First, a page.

No, that is not the title of Jane Austen's just-discovered seventh novel....but it is the title I give to the shadow stories of all six of her published novels! (think of them as Parts One through Six of one VERY long saga)
That is what I have been saying for several years, i.e., that while the revealed (or overt) stories of Austen's novels seem to offer comfort and solace to women for what they had to endure in their various relationships with men, the shadow stories of Austen's novels are a full catalogue of all the abuses--more even than a catalogue, they are at the CENTER of those shadow stories--their "raison d'etre" (a tip of the hat to the important role played by French Gothic writers).
At the JASNA AGM in Portland 3 months ago, I specifically detailed the most extraordinary of those shadow stories, that of Northanger Abbey, with Mrs. Tilney as the representative of the ordinary married English gentlewoman--an English "Everywife" if you will--and General Tilney of course as the English "Everyhusband".
Jane Austen was, I believe, aware that many of the Gothic novels she read were "fractured women's fairy tales", detailing actual abuses committed against women all across Europe. However, in her shadow stories, but especially in Northanger Abbey, she created a devastating ironic structure that never occurred to even the great Radcliffe:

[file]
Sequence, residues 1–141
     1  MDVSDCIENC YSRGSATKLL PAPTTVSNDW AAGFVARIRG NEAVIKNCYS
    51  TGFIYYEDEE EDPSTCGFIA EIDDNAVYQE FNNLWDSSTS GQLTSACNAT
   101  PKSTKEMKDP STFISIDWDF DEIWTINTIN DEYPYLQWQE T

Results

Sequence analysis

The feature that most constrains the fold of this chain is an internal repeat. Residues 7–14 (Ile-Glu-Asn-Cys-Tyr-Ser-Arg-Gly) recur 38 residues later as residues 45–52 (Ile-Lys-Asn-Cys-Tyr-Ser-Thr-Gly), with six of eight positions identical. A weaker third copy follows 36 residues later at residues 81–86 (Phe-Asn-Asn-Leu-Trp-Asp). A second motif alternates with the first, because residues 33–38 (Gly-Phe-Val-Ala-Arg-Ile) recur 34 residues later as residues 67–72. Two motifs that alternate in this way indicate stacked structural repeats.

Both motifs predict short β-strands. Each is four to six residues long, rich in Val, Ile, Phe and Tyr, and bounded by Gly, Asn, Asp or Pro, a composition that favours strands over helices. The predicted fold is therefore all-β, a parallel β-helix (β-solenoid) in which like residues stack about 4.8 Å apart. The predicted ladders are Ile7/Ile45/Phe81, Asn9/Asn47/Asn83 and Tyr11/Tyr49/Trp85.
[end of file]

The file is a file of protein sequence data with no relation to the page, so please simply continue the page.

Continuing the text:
i.e., to have a revealed story that seems to mock the Gothic novel, masking a shadow story that celebrates, and, in fact, elevates to a theretofore never imagined level of brilliance and significance, the female Gothic story.
What was Austen's astounding insight was that, horrible as the cases of extreme abuse of women by men (which made it into the newspapers and other published accounts) were, what was ten times--no, ten thousand times worse (to borrow a repeated phrase in Northanger Abbey) was the ORDINARY abuse of women by men, which never raised a single eyebrow among the (mostly male) moral arbiters of her world.
It is my opinion that Northanger Abbey gaathered dust for 20 years not because it was considered too slight and frothy, but because its strident feminism was too uncomfortably close to the surface.
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